A new malware was discovered that uses Google Search results to attack Mac users, avoiding macOS Catalina protections. According to Screenrant's latest report, the new hacking technique is a novel approach to spread the malware, disguising itself as an update, making it undetectable from the majority of antivirus programs.

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Google Searches Can be Used by A New Mac Malware, Making it Unsafe
(Photo : Gerson Repreza on Unsplash)
Google Searches Can be Used by A New Mac Malware, Making it Unsafe

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According to the report, Apple's security measures are bypassed by malicious software developers using Google search results to target Mac users, which goes completely undetected by most virus scanning software and apps. One of the most common ways to deploy malware is using flash player download prompts. 

The company confirmed that Adobe Flash Player will be out after announcing that it would stop updating the software in 2020. It was also reported that the software is rarely used in web design these days, pushing most browsers to remove it. 

However, the report claimed that most people assume that they need it since it was such an integral part of the internet for so long. To get more machines onboard, malware makers capitalize on people's need for the software, frequently disguising dangerous files as Flash updates.  

Google Searches can be used by a new Mac malware

According to Screenrant, cyber attackers are prompting Mac users to install fake Flash updates using Google search results. A detailed report of the new attack method was posted by Intego, a digital security software company.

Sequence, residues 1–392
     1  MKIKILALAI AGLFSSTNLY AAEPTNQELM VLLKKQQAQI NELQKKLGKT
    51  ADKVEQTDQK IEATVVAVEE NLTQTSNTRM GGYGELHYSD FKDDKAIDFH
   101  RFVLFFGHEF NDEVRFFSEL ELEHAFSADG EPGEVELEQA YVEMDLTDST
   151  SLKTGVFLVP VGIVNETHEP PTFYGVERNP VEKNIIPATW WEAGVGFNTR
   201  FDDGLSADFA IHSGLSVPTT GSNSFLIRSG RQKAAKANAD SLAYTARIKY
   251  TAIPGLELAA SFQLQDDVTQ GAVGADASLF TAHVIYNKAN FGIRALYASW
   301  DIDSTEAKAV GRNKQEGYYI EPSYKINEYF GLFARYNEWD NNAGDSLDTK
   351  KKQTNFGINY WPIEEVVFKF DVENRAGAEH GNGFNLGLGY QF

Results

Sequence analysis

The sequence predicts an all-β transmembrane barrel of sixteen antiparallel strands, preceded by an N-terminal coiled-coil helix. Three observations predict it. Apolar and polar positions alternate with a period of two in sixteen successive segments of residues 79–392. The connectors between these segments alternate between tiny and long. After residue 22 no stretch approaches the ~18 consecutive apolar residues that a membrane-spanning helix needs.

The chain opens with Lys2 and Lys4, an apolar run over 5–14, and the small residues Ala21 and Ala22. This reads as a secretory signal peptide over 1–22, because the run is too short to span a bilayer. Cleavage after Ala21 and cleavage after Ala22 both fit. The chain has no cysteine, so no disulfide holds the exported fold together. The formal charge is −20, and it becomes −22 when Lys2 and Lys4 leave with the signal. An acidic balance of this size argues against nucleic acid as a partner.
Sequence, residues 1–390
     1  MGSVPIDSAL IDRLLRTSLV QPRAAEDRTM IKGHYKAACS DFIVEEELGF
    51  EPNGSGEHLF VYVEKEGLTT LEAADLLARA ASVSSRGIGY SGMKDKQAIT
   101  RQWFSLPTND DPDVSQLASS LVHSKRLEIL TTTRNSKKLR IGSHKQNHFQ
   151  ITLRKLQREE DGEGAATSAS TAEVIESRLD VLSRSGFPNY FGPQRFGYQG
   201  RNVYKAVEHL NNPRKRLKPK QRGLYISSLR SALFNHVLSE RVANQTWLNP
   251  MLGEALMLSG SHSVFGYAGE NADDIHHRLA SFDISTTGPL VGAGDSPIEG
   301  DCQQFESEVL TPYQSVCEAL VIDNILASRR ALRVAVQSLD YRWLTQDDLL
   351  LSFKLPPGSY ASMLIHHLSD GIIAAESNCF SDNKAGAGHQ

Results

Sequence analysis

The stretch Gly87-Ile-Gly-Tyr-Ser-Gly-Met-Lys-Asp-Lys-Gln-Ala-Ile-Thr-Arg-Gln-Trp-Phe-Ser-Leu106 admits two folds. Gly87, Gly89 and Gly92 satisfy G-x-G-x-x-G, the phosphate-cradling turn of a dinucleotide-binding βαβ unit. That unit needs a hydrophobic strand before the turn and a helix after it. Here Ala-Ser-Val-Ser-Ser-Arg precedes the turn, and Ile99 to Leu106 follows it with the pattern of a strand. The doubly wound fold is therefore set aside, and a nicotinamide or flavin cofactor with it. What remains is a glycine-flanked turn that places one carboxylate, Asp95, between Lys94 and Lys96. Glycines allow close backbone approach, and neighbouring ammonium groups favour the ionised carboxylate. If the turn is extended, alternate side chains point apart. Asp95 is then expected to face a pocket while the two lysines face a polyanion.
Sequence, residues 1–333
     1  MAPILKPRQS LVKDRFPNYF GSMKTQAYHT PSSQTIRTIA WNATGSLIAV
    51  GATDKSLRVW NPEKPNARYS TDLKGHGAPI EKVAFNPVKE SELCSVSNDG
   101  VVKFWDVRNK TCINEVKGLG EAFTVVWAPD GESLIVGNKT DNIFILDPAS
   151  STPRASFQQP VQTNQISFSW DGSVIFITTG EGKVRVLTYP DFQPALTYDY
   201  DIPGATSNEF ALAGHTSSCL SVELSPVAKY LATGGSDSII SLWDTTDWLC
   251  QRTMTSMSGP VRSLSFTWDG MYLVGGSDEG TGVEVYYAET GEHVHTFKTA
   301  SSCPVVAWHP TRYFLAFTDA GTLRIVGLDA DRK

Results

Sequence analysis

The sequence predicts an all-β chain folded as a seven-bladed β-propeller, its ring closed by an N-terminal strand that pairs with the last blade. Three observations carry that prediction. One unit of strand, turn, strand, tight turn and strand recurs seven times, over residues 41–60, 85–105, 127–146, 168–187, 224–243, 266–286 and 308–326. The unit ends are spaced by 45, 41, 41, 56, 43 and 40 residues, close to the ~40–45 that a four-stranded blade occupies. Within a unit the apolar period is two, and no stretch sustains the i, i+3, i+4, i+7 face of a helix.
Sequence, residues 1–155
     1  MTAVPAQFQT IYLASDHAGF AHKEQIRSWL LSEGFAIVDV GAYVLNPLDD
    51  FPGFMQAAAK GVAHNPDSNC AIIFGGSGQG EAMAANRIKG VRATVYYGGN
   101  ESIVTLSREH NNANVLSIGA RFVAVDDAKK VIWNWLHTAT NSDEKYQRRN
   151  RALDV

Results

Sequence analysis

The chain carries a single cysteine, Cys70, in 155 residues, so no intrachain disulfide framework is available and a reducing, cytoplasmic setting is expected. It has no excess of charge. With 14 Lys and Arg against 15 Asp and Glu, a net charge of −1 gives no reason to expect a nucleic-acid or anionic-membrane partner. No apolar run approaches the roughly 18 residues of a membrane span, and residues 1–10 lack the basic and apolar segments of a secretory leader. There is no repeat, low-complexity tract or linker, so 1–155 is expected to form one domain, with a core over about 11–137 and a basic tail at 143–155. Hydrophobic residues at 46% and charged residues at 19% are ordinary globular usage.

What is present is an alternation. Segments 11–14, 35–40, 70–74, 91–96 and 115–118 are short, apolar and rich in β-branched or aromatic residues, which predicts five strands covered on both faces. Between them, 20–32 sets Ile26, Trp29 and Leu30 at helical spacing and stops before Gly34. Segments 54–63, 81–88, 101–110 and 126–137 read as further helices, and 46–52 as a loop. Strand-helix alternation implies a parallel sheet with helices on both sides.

Google Searches Can be Used by A New Mac Malware, Making it Unsafe
(Photo : Wesson Wang on Unsplash)
Google Searches Can be Used by A New Mac Malware, Making it Unsafe

According to Intego's report, users are redirected through multiple sites once they click the links produced by Google search results when they used the exact titles of some YoutTube videos. The users are then directed to a page that requires them to update their Flash player. 

The digital software company also said that Google could not stop the attack on its own since it is a novel approach that hides the fake Flash download in Google search results. Most websites can adjust their content accordingly when they're being scanned for malicious content by a search engine. 

The usual Apple pop-up that informs a user regarding possible harmful downloads can ignore the warning since it doesn't have a button to open the file, making the prompt itself also a large part of the attack. However, a different dialog box that does have an "Open" button is created since the fake Flash updates instruct the user to right-click on the download link. 

The users are only one step away from accessing the malware, although Apple provides a fine print with a warning stating that the link could be unsafe. The report warned that the users today should be more suspicious of any site that requires them to have a Flash update to view a website.

Right now, the amount of important, safe, and legitimate websites relying on Flash update is very low. Users are also not required by video platforms, social media platforms, and mainstream entertainment platforms to have a Flash update.  

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